The actuator parent bodies of the samples, which have been produced according to the method described above, have dimensions of 10×10 mm2 base area and a height of 30 mm. The thickness of an individual ceramic layer after sintering is 100 μm and the thickness of an internal metallization layer is 2 μm. The actuator parent bodies are processed further as follows:
For actuators according to the prior art as reference, the basic metallization 3 composed of a suitable AgPd termination paste is applied by means of screen printing, no structure being produced. The layer is uniformly thick and the layer thickness is 8 μm after firing at 800° C.
For the first exemplifying embodiment, the basic metallization 3 composed of a suitable AgPd termination paste is applied by means of screen printing, a raster-type structure 15 composed of round dots 16, comparable to the pattern in FIG. 4, being produced. The dot diameter is 0.2 mm, the free space 17 between two dots is likewise 0.2 mm. The raster 15 is inclined at an angle 18 of 20° to the direction of the internal electrodes 10, with the result that respective adjacent internal electrodes 10 are joined together by means of at least one printed-on area 16. The dot layer is uniformly thick and the layer thickness is 9 μm after firing at 800° C.
For the second exemplifying embodiment, the basic metallization 3 composed of a suitable AgPd termination paste is applied by means of screen printing, a line-type structure 15 comparable to the pattern in FIG. 5 being produced. The width of the lines 16 is 0.2 mm and the distance 17 between two lines is likewise 0.2 mm. As in the case of the first exemplifying embodiment, the lines 16 are inclined at an angle 18 with respect to the direction of the internal electrodes 10. The layer of the line structure 15 is uniformly thick and the layer thickness is 9 μm after firing at 800° C.
For the third exemplifying embodiment, the basic metallization 3 composed of a suitable AgPd termination paste is applied by means of screen printing, no structure being produced. The layer is uniformly thick and the layer thickness is 8 μm after firing at 800° C. A raster 15 composed of squares 16 is produced in the basic metallization 3 by cutting the layer into squares 16, comparable to the pattern in FIG. 7, that are 0.2 mm in size by means of a diamond saw. The distance 17 between the squares 16 is 0.1 mm. The lines connecting the squares in the raster 15 extend at an angle 18 of 35° to the direction of the internal electrodes so that respective adjacent internal electrodes are covered by at least one square.
For the fifth exemplifying embodiment, which is not shown here, the basic metallization is deposited electrochemically in the form of a nickel layer. The nickel layer is about 2 μm thick and is covered by a likewise electrochemically deposited 0.1 μm-thick gold layer. The gold layer improves the solderability and has no other function. Due to the method, the nickel layer is not completely continuous and has a fine, lattice-like structure, discontinuities being present in the order of magnitude of the ceramic particles of about 5 and 10 μm.
The external electrodes on the fifth exemplifying embodiments are completed by means of a soldered-on wire lattice using a suitable process. As lattice material, a material comparable to the thermal coefficient of expansion of the ceramic, for example FeNi36, is used. The wire diameter is 100 μm and the mesh size 200 μm. The lattice is pretreated by electroplating, for example copper-plated, in order to improve the solderability. SnAg4 is used as solder. The solder time is 10 minutes at 2400° C.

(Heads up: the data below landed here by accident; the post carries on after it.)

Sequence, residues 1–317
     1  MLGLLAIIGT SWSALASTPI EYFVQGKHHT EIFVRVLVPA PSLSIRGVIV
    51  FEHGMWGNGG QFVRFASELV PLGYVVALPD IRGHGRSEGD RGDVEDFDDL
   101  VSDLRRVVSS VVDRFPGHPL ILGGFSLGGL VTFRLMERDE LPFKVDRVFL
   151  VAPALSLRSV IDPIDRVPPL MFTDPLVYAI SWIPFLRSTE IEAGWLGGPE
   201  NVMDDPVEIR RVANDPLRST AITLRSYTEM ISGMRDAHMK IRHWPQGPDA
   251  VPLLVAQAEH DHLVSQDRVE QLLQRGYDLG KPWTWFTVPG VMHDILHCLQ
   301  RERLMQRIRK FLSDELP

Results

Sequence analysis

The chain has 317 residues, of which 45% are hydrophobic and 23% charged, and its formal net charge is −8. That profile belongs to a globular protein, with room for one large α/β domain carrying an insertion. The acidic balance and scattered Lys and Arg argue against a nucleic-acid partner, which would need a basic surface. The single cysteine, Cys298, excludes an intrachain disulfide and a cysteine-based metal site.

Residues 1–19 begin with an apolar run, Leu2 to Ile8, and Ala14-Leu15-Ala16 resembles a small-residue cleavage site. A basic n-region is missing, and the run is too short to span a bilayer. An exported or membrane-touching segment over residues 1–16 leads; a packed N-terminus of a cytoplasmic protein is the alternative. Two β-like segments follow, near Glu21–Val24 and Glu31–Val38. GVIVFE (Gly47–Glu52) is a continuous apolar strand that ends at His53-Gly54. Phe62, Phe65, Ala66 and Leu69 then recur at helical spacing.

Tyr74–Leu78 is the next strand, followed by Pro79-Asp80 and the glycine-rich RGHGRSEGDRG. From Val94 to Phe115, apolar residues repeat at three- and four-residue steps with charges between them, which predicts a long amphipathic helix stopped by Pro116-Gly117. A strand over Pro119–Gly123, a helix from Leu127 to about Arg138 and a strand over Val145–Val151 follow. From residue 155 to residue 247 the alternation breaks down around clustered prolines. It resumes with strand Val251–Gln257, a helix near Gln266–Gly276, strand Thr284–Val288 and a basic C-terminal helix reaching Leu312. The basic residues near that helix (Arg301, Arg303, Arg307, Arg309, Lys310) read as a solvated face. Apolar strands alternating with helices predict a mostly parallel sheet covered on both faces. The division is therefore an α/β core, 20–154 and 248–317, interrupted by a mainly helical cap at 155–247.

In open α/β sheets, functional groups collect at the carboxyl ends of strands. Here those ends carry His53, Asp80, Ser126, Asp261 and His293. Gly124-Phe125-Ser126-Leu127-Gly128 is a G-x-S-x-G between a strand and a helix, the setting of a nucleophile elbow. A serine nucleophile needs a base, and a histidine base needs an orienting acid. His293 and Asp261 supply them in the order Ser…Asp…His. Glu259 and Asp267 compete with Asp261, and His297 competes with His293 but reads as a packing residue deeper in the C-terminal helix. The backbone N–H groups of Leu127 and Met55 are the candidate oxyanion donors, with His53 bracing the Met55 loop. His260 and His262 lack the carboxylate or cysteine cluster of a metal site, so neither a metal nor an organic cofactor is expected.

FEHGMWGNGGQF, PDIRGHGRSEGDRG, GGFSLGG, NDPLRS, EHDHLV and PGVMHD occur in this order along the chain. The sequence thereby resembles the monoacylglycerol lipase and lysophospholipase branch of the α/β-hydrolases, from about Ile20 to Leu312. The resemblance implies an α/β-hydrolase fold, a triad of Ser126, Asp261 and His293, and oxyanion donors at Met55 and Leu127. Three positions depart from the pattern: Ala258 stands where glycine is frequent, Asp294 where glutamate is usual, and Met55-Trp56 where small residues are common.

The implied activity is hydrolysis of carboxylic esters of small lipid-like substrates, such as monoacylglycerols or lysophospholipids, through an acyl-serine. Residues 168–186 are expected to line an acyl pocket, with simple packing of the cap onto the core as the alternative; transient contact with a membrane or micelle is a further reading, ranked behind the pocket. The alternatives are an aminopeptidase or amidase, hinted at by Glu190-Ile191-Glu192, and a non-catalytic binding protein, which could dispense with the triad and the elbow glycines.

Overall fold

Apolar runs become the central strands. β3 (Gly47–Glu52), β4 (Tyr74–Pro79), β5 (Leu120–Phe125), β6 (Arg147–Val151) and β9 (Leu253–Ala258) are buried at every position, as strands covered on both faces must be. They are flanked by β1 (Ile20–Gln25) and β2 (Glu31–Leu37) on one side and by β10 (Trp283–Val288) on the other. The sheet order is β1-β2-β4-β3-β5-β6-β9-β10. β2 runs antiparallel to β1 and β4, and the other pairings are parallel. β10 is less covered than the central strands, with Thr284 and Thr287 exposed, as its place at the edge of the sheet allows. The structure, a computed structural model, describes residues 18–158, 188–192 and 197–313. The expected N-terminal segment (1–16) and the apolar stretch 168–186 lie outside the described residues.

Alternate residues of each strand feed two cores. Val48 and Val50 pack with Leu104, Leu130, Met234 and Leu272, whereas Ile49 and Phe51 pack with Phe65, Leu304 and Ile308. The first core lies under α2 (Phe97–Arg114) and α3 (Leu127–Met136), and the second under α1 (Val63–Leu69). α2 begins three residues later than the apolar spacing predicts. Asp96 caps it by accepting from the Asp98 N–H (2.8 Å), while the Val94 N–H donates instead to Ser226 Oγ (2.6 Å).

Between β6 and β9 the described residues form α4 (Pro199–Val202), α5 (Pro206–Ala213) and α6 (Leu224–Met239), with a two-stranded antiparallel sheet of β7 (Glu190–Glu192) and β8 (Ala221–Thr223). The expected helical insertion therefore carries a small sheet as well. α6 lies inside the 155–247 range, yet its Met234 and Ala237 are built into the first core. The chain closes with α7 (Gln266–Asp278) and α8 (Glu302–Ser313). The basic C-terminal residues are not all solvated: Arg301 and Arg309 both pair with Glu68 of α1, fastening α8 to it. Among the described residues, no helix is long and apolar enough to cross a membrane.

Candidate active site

After soldering, it is optically observable that, in the case of variants 2 to 5 of the exemplifying embodiments, the solder has wetted the internal electrodes even in the areas not provided with basic metallization.
The actuators are cleaned and insulated using a suitable lacquering. After the connecting wires have been soldered onto the electrode lattices, the actuators are prestressed at 2000 N in test frames and activated by means of a trapezoidal signal. In this process, the activation voltage is boosted in 100 μs from 0 V to 200 V, held for 1 ms at 200 V and then reduced to 0 V in 100 μs. The repetition frequency is 200 Hz. In this process, the actuators reach operating temperatures of 150 to 160° C.
Variant 1 exhibits a distinct and severe crack formation even for 106 cycles. The cracks cut through the insulating zone in random directions, but cracks along the internal electrodes are rather rare.
Variants 2 and 3 exhibit almost identical behaviour, which differs markedly from variant 1. At 106 cycles, hardly any visible crack formation occurs. At 107 cycles crack formation occurs. All the cracks extend along the internal electrodes and occur about twice as frequently as in the case of variant 1, but are markedly less pronounced. This state remains unaltered even after 108 cycles.
Variant 4 shows the most favourable crack behaviour. Marked crack formation occurs only from 108 cycles onwards. All the cracks likewise extend along the internal electrodes. In this variant, however, the squares of the square raster 16 easily shear away from the ceramic. The reason is that the junction between basic metallization and ceramic was damaged at the periphery of the squares during the sawing process. Damage to the ceramic material can be avoided by optimizing the cuts in the basic metallization. Damage to the ceramic material can likewise be avoided by a suitable etching method.
Variant 5 shows a crack behaviour similar to variants 2 and 3, but the adhesive strength of the nickel to the ceramic is inadequate. Detachment of the basic metallization from the ceramic gradually occurs locally, as a result of which the function of the actuator may be impaired in the case of long running times.
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|U.S. Classification||310/364, 310/366, 310/365|
|International Classification||H01L41/293, H02N2/04, H01L41/047, H01L41/083|
|Cooperative Classification||H01L41/293, H01L41/0838, H01L41/0472|
|European Classification||H01L41/047D, H01L41/083S, H01L41/293|
|Mar 1, 2002||AS||Assignment|
Owner name: CEREMTEC AG., GERMANY
Free format text: ASSIGNMENT OF ASSIGNORS INTEREST;ASSIGNORS:BINDIG, RAINER;SCHREINER, HANS-JURGEN;REEL/FRAME:012663/0143;SIGNING DATES FROM 20020122 TO 20020124
|Apr 21, 2003||AS||Assignment|
Owner name: CERAMTEC AG INNOVATIVE CERAMIC ENGINEERING, GERMAN
Free format text: ASSIGNMENT OF ASSIGNORS INTEREST;ASSIGNORS:BINDIG, RAINER;SCHREINER, HANS-JURGEN;REEL/FRAME:013973/0688;SIGNING DATES FROM 20020122 TO 20020124
|Apr 7, 2008||REMI||Maintenance fee reminder mailed|
|Sep 28, 2008||LAPS||Lapse for failure to pay maintenance fees|
|Nov 18, 2008||FP||Expired due to failure to pay maintenance fee|
Effective date: 20080928